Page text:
UNICEF estimates 386,000 children were born on January 1, 2018 with more than 90 percent of them born in low and middle income countries (LMICs). India tops the list with 69,070 births, followed by China with 44,760 births and Nigeria with 20,210.
‘Some will not make it past their first day’
The statistics have been used to draw attention to the issue of child survival in the developing world. “While many babies will survive,” UNICEF said in a press release, “some will not make it past their first day.”
Twenty-six hundred children died within the first 24 hours of their birth each day in 2016, UNICEF claims. 2.6 million newborns died within a month, of whom 2 million died within a week. “Among those children,” the report adds, “more than 80 per cent died from preventable and treatable causes such as premature birth, complications during delivery, and infections like sepsis and pneumonia.”
In India, 0.75 million newborns die every year. This is more than any other country and accounts for a quarter of the world total. It is incongruous with India’s position as one of the world’s largest economies. As with many public health concerns in the country, the country’s NMR is a situation fuelled by healthcare inequities between states, sexes and socioeconomic groups. =
India has made progress in reducing its NMR. Between 2000 and 2013, the number of neonatal deaths per 1,000 live births dropped by a third. The infant mortality rate (IMR) has, though, improved faster. In the 2000-13 period, NMR declined by 3.5 percent annually, compared to 4 percent decline for IMR.
‘Progress will remain incomplete’Seventy percent of infant deaths in the country – and more than half of under-five deaths – happen during the neonatal period. If India does not implement ‘specific efforts to reduce newborn mortality’, the study warns, it will not achieve targets of reducing under-five mortality to 20 or less deaths per 1,000 live births by 2035 under the UNICEF project ‘Committing to Child Survival: A Promise Renewed’ which seeks ‘to end preventable child deaths by accelerating progress on maternal, newborn and child survival.’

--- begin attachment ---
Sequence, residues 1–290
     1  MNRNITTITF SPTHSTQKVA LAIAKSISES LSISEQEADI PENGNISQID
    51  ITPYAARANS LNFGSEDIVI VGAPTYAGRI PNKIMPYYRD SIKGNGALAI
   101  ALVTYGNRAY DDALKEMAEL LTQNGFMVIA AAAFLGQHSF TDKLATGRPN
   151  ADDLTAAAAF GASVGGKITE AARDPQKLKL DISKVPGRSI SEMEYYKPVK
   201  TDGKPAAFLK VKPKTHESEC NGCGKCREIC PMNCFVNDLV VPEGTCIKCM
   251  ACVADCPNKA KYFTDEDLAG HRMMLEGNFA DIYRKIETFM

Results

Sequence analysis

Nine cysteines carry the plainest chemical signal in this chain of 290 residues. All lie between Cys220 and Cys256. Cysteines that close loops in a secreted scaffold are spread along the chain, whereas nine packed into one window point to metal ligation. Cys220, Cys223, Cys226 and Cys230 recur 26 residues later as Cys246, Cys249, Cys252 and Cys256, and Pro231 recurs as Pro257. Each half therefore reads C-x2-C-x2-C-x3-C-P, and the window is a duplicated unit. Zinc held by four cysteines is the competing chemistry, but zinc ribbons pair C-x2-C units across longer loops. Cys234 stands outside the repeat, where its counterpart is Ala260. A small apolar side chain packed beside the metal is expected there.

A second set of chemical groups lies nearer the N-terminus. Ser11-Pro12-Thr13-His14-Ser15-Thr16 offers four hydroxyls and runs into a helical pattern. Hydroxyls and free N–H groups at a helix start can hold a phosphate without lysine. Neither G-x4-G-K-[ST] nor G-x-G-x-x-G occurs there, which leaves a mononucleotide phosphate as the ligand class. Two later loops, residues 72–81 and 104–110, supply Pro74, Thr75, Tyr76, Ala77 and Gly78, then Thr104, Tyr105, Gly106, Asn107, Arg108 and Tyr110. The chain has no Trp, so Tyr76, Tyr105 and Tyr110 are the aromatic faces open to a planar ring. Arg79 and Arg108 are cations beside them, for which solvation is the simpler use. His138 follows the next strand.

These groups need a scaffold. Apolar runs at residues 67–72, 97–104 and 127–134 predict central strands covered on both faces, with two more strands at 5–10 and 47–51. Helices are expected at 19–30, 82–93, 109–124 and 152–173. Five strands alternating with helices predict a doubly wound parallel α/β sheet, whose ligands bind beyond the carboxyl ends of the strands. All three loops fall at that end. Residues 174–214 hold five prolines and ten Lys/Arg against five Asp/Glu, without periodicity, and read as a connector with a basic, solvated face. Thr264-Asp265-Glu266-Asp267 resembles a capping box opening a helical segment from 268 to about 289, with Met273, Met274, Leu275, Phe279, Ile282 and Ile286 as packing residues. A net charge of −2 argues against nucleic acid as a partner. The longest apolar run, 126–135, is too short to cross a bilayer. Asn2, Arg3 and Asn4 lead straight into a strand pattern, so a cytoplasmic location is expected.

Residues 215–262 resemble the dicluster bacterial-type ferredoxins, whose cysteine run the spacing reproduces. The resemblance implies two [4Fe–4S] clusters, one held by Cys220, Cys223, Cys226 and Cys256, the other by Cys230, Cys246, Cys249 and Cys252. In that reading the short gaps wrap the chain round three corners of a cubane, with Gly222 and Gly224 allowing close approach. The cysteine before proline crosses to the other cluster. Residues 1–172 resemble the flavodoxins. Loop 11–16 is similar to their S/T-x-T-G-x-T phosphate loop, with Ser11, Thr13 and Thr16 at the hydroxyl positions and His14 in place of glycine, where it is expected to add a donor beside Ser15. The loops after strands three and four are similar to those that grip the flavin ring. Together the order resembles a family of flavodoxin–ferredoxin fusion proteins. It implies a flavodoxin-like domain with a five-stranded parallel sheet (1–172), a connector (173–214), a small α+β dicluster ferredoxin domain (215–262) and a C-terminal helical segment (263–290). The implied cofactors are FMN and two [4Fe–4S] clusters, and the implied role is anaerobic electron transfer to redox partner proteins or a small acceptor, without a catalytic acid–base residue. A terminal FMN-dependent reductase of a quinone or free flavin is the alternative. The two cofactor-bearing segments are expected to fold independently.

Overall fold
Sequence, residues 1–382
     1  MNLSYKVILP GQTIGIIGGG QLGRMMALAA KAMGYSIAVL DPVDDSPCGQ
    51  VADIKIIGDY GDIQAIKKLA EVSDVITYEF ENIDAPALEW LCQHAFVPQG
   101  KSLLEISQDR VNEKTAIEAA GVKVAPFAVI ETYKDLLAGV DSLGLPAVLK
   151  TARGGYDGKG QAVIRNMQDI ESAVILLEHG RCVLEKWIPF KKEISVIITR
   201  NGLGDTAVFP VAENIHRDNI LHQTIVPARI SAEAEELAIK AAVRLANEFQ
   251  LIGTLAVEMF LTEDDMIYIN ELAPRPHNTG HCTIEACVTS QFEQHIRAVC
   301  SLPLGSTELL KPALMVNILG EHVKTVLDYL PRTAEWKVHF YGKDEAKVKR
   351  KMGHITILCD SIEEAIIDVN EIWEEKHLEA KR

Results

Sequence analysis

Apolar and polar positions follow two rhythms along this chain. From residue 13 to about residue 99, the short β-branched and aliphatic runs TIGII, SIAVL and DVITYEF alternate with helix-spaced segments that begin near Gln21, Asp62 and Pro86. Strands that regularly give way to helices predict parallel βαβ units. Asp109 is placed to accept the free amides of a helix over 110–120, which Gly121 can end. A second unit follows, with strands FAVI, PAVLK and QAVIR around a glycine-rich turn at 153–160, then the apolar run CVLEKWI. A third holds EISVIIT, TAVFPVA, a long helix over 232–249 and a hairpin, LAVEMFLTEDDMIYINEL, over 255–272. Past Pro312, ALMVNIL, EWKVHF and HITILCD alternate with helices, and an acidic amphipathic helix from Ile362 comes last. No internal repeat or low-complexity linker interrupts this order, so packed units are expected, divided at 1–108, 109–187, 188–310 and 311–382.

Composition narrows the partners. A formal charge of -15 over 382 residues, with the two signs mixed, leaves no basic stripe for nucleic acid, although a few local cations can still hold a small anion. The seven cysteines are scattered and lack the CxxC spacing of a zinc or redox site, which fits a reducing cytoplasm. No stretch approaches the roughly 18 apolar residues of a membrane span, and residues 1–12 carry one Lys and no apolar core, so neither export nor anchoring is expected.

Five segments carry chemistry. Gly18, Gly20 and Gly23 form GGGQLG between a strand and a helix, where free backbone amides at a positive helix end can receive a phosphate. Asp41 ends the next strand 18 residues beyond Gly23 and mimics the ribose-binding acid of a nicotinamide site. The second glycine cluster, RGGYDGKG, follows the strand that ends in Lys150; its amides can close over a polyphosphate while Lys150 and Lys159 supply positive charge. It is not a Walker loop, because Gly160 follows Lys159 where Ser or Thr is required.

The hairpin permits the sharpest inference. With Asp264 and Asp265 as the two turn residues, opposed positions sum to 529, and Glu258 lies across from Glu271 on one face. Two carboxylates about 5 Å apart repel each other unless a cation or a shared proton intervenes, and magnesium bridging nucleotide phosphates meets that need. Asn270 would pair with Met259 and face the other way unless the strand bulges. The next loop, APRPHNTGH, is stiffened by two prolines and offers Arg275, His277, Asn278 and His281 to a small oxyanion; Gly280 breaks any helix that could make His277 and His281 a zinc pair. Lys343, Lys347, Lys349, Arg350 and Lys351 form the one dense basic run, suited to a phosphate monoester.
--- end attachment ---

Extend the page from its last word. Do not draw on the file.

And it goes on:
Worldwide, “the lives of 50 million children under-five have been saved since 2000”, says UNICEF Chief of Health Stefan Swartling Peterson. He describes this as “a testament to the serious commitment by governments and development partners to tackle preventable child deaths.”
“But unless we do more to stop babies from dying the day they are born, or days after their birth,” Peterson adds, “this progress will remain incomplete. We have the knowledge and technologies that are required – we just need to take them where they are most needed.”
More work to be done
This certainly applies to India. It would be wrong to deny the progress the country has made on the health of its children in the past two decades. As reported by Health Issues India last year, policies adopted since 2005 have saved the lives of a million children. However, much remains to be done.
A number of controversies in Indian hospitals last year spotlighted the issue of newborn mortality in the country. At a hospital in Gorakhpur, Uttar Pradesh seventy children died within a few days, reportedly due to medical negligence. A number of similar cases were reported across the country in the following months. This led to international media attention and public outcry.
It was accusations of medical negligence that fuelled the scrutiny surrounding these cases, however. The preventable deaths of 0.75 million Indian newborns every year are so commonplace that they are rarely, if ever, devoted the same level of attention.